The Crossley ID Guide: Eastern Birds by Richard Crossley is a remarkable bird guide indeed. This is the first time I have used a Crossley Guide and it is just simply wonderful in its design.Â It is unique in its approach to helping people identify birds, no matter what level of birder you are from beginner to expert, you will find this guide useful. While most bird field guides use the majority of space to give information detailing the specific physical traits of each bird, they often have one or two photographs of each bird. They rely heavily on detailed physical description for identification. This is good but it is not always easy to correctly identify birds this way, particularly when you are just learning to enjoy birding. Let me share a little story with you about one of my first bird identification experiences.
I happened upon a very aggressive owl who kept swooping at me, lunging even, right in the woods behind my apartment. Even as a novice, I figured the owl was probably nesting or had babies and didn’t want me near its nest. At the time, I was fascinated to be so close to this amazing owl. I took pictures of it and got identification books so I could identify it. From all physical descriptions it seemed to be a Spotted Owl. I read all about it and saw the few small pictures in the guides and the bird I saw looked a lot like this Spotted Owl in the guides and the physical descriptions matched. After posting it to the a website and going on excitedly about this rare Spotted Owl in my backyard, some more experienced birders informed it was actually a Barred Owl. The two descriptions,
Barred Owl — 48 cm in length, females slightly larger. Round head, dark eyes, lighter spotted face, brown and gray.
Spotted Owl — 45 cm in length, females slightly larger. Round head, dark eyes, lighter spotted face, brown and gray.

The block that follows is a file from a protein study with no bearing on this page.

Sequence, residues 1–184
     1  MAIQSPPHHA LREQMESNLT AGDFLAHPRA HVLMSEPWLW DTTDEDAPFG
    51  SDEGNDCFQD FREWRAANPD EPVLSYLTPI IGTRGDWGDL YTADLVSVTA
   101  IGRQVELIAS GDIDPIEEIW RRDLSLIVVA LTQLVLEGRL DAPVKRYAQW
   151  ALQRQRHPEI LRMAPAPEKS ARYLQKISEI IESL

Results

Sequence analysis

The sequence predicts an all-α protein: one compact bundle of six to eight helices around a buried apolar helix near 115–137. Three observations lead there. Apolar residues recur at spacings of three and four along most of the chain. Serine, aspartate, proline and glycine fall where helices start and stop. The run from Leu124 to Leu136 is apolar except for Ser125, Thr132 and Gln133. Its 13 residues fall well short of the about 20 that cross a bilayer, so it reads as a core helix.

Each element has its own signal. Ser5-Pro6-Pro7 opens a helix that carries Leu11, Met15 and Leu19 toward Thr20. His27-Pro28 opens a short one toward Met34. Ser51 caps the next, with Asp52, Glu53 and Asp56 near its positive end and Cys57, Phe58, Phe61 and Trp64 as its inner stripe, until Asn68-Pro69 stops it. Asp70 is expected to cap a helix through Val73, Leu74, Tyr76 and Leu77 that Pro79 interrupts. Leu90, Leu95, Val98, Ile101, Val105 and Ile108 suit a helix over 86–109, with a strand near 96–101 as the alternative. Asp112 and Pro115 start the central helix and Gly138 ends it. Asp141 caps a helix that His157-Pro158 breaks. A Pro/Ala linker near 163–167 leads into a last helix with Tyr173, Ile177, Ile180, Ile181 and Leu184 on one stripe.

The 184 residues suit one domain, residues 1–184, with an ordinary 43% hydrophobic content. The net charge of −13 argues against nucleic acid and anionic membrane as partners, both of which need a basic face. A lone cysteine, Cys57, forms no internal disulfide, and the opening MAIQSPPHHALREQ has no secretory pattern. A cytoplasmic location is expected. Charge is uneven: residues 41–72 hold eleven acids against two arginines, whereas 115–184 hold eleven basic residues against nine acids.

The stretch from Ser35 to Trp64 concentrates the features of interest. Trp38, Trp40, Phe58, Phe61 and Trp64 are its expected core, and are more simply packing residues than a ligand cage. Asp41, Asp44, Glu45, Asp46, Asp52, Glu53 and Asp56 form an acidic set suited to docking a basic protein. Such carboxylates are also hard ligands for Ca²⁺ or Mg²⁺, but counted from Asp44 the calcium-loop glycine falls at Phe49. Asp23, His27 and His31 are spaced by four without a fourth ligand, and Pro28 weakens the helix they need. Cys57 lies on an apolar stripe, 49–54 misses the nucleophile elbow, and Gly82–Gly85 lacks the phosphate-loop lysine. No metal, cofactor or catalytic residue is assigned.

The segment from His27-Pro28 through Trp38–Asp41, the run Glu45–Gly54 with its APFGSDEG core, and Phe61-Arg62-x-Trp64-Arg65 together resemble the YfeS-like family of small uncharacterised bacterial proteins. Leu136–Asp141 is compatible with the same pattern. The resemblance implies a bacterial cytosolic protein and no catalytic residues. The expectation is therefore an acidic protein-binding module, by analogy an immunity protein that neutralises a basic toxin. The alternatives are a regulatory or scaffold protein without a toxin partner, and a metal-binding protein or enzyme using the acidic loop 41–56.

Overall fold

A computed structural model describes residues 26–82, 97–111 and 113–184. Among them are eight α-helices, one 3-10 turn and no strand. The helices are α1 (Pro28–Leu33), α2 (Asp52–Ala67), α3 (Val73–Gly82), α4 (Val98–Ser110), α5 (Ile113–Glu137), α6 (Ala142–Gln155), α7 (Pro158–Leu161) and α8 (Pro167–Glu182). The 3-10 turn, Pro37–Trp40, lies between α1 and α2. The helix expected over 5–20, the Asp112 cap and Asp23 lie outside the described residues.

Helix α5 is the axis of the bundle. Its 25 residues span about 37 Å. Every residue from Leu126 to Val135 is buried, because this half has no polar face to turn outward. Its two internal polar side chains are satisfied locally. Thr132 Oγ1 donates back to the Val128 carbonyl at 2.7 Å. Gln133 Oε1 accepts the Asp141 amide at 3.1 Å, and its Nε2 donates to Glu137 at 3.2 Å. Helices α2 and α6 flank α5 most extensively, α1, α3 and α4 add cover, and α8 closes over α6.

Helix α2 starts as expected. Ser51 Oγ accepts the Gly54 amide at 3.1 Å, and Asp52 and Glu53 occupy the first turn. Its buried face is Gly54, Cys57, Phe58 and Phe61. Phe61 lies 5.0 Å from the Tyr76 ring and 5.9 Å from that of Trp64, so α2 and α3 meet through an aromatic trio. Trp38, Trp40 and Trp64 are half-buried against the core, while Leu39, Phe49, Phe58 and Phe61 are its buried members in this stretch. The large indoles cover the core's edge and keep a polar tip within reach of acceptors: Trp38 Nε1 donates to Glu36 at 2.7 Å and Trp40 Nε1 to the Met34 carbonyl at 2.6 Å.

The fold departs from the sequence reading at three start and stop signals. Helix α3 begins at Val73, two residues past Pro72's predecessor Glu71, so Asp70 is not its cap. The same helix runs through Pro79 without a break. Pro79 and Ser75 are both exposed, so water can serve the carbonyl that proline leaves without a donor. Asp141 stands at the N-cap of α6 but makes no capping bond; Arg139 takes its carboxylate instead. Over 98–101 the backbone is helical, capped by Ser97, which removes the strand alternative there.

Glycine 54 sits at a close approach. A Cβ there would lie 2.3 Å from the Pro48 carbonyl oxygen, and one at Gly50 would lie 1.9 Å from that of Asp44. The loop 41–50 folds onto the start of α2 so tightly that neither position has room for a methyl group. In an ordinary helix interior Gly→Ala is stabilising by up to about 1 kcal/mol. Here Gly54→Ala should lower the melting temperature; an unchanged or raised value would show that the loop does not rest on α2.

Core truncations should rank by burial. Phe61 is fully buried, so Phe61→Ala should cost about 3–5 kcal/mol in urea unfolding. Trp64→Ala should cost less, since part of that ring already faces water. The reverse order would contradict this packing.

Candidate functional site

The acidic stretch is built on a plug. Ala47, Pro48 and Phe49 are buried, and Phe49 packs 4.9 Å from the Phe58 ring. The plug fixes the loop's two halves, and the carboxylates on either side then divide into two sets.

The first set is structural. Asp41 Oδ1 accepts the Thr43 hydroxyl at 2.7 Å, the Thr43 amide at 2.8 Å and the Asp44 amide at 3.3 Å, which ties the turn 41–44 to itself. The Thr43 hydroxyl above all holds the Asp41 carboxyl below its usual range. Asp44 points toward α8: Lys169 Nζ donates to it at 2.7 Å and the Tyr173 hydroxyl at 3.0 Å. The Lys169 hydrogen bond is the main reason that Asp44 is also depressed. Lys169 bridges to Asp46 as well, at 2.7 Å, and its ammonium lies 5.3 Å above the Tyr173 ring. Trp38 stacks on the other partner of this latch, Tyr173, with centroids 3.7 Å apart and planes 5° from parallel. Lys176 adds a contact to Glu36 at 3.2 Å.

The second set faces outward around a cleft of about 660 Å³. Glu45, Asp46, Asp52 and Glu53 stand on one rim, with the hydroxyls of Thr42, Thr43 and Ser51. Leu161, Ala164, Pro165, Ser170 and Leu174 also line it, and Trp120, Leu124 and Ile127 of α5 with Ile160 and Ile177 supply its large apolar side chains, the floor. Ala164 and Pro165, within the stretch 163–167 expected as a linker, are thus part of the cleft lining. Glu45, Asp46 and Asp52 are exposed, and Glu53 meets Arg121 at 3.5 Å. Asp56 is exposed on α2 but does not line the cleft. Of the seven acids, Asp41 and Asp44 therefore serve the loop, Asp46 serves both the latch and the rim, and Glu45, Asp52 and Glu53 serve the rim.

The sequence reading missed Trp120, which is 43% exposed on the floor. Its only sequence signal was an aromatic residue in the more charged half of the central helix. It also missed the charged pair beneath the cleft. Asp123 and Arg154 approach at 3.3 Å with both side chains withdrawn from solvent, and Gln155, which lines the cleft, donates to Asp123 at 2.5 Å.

And their pictures…
As a beginner birder, could you immediately tell the difference from one description and one small picture (shown bigger here) when looking out in your backyard while the bird is perched on a tree or flying at you? It is not as simple as we’d like it to be. But The Crossley ID Guide: Eastern Birds makes it so very easy with a wide variety of pictures showing the birds in their natural habitat, at different distances, perching, flying, swimming, etc. There are more than 10,000 photographs of over 660 species of birds in this book and virtually all of the photographs were taken by the author himself! It also includes a succinct description of physical characteristics and habitat, which is important but not the main focus.
Here is the page for the Barred Owl in the The Crossley ID Guide: Eastern Birds (unfortunately this particular book doesn’t have the Spotted Owl in it because it is a guide to birds of the Eastern United States, whereas I and the Spotted Owl live in the Western United States.
Do you see how the picture shows the bird perching from the front, from the back and flying? And this is one of the photos that have only a few angles, many have several! It is really perfect for identifying birds without having to go to several different sources or looking them up in one book and then having to confirm through several websites just to be certain. It cuts out the extra research needed to confirm the identification—you can identify the birds with just this guide.
And as if this unique, simple approach were not great enough, The Crossley ID Guide: Eastern Birds also has three indexes, one of which is very creative and useful. In the back there are two indexes categorizing the birds both by their scientific name and their common name.Â The best index is in the very beginning, a picture index of every bird! It shows the bird flying or standing in categories of Swimming, Walking, and Flying Waterbirds; Upland Gamebirds; Raptors; Miscellaneous Larger and Aerial Landbirds; and songbirds. Small index photographs of the various birds for easy identification with the shorthand code for each and the page number you can see more of it. This makes it so easy to thumb through and recognize the bird(s) you’ve seen right in the front of the book. I love it!
This ID guide is really practical in many ways and will definitely make identifying birds so much easier. It is definitely unique in its approach and the author clearly loves what he does and it shows through in every aspect of this guide. It is a guide all people living in or visiting the Eastern United States should have. I can’t wait for the Crossley ID Guide to Western Birds (in production)!
More photos of the book:
You can see more about this book at the author’s website, Crossley Books: Turning Birding UPSIDE DOWN.